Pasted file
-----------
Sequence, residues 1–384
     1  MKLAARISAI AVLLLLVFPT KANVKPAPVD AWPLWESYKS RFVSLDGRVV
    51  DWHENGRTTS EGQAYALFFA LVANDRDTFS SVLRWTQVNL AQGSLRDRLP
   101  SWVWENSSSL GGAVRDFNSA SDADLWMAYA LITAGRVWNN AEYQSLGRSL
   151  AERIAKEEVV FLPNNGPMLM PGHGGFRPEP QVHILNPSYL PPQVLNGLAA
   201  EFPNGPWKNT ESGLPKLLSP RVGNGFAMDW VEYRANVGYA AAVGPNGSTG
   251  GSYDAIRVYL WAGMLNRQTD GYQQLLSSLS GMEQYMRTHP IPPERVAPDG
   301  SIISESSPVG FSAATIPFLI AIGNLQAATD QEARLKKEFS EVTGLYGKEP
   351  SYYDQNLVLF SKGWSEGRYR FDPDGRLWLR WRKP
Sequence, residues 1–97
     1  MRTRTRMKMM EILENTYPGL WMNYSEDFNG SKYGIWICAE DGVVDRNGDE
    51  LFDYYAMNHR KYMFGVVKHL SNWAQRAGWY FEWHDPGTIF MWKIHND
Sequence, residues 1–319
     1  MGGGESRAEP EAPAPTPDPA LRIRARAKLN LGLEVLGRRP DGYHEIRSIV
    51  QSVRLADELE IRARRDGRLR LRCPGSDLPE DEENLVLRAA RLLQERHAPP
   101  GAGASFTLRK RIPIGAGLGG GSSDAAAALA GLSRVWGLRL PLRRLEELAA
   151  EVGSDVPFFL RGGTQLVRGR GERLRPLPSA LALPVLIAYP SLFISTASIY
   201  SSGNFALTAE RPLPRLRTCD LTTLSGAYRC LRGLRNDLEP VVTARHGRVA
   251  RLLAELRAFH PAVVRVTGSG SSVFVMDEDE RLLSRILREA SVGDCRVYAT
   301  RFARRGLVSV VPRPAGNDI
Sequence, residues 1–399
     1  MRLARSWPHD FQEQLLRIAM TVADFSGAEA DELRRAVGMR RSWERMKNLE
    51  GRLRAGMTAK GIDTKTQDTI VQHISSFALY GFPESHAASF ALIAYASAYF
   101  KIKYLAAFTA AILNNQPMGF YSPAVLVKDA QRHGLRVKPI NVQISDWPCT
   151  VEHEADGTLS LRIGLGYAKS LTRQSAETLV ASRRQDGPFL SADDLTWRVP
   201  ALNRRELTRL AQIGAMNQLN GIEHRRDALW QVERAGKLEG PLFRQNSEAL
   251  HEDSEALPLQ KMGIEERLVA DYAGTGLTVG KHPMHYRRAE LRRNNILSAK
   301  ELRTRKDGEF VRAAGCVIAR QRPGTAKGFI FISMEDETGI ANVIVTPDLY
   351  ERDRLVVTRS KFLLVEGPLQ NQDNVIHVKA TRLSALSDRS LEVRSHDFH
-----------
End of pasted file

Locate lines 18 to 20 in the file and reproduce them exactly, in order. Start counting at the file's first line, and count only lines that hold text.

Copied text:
   201  SSGNFALTAE RPLPRLRTCD LTTLSGAYRC LRGLRNDLEP VVTARHGRVA
   251  RLLAELRAFH PAVVRVTGSG SSVFVMDEDE RLLSRILREA SVGDCRVYAT
   301  RFARRGLVSV VPRPAGNDI